Australian Open cuts betting advertising in wake of fixing scandal
Melourne, Dec 9 (IANS) The Australian Open tennis tournament on Friday decided to cut controversial court-side advertisements for betting agencies. Th ...
Melourne, Dec 9 (IANS) The Australian Open tennis tournament on Friday decided to cut controversial court-side advertisements for betting agencies.
The decision comes in the wake of the 2016 Australian Open being heavily criticised for prominently displaying advertising for its betting partner just days after tennis was hit by its biggest ever match-fixing controversy, reports Xinhua.
Tennis Australia (TA) President Steve Healy said the decision to cut the advertisements was made in response to public backlash in 2016 as well as the match-fixing scandal.
Healy said the advertising agency the tournament uses was on board with the decision despite a possible loss of sponsorship revenue.
"We need to put it in perspective. The arrangements that were struck with (betting company) William Hill before this issue had such a high profile and so we've worked with our partners to address that," Healy said.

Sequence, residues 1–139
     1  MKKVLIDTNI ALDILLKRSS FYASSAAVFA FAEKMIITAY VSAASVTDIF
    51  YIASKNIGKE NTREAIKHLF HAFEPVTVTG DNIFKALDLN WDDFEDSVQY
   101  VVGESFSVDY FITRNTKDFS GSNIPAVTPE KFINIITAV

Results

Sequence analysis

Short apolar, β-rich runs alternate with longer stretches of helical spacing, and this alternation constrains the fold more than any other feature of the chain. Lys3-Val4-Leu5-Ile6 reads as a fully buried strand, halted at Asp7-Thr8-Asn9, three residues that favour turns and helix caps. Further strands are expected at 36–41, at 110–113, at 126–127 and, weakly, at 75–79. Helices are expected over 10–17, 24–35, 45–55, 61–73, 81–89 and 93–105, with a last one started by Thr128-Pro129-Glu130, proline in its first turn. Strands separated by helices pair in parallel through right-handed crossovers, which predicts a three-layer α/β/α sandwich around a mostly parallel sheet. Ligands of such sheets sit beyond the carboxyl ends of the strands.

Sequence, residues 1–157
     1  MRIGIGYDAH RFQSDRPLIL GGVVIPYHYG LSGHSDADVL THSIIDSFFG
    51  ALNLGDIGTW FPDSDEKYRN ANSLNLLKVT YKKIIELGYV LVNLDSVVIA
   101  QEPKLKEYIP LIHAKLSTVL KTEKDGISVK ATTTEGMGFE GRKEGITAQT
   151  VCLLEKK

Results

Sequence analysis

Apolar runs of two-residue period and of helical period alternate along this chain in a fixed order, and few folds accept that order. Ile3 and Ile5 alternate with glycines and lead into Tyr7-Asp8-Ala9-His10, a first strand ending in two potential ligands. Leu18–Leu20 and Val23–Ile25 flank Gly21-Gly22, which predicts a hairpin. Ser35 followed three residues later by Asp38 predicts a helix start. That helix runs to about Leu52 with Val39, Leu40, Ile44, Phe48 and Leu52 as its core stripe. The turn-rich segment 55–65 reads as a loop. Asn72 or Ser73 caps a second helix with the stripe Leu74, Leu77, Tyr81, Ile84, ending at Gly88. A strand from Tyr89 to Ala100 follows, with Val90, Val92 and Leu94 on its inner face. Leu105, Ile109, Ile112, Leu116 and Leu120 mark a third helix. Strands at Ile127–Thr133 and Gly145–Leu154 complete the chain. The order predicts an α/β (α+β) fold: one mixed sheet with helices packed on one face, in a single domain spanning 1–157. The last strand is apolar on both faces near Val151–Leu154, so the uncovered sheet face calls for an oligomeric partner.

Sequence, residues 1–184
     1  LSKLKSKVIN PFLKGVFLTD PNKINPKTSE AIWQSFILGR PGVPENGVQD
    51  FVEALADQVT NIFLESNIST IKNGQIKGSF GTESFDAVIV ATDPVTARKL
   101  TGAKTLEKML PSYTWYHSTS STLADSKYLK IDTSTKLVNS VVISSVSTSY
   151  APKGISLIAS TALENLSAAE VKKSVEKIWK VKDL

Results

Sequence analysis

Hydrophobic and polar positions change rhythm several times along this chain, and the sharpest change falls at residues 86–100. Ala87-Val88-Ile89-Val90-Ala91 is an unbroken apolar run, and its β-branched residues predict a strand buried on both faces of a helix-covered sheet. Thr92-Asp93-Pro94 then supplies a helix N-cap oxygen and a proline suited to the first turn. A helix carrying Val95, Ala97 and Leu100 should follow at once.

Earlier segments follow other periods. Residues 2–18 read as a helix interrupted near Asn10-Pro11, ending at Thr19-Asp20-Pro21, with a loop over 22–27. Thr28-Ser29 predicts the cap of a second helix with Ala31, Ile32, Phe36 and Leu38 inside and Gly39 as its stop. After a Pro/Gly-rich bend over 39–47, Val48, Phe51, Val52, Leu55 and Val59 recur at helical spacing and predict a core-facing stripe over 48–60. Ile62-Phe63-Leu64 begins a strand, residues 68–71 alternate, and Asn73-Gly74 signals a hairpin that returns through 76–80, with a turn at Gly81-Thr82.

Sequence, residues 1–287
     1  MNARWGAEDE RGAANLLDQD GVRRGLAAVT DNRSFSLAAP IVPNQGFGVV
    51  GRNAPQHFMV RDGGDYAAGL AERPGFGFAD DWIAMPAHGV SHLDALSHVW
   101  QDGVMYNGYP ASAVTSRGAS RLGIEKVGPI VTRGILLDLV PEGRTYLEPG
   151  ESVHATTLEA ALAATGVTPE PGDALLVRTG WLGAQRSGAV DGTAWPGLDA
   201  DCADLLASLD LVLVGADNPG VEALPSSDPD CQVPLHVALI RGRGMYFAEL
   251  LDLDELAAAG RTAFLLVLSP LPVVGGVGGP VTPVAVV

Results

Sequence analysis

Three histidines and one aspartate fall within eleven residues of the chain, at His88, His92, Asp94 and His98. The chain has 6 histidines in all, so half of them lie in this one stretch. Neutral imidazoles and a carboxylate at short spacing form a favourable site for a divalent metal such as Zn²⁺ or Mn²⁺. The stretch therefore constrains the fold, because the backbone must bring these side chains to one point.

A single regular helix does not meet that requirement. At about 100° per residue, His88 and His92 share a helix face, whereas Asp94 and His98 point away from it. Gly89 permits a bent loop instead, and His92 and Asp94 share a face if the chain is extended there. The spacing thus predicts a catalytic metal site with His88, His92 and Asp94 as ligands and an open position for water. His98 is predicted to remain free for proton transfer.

Healy said for the first time at the 2017 Australian Open, TA would employ two investigative officers to be on site and monitor suspicious betting activity.
"There'll be no matches specifically targeted," Healy told the Australian Broadcasting Corporation (ABC) on Friday.
"It'll just be random matches and from that then we'll just be looking at the data."
He said TA was mostly unconcerned about the prospect of match-fixing at the Australian Open and that most occurrences of the practice came at smaller tournaments.
"Our role is to make sure that all of our Australian players are educated, they understand the risks, the deceptions that take place that might leave them into something unseemly," Healy said.
"We made the decision to not just sit back and wait for the review (into this year's scandals) but to take immediate action."
Healy said even the prize pool for the Australian Open, the largest ever for a Grand Slam tournament, might not be enough to staff off the temptation of match-fixing.
"I think it's not just a question of money," he said.
"People generally will do bad things, because they're bad people. That's the reality. So money is not the only solution."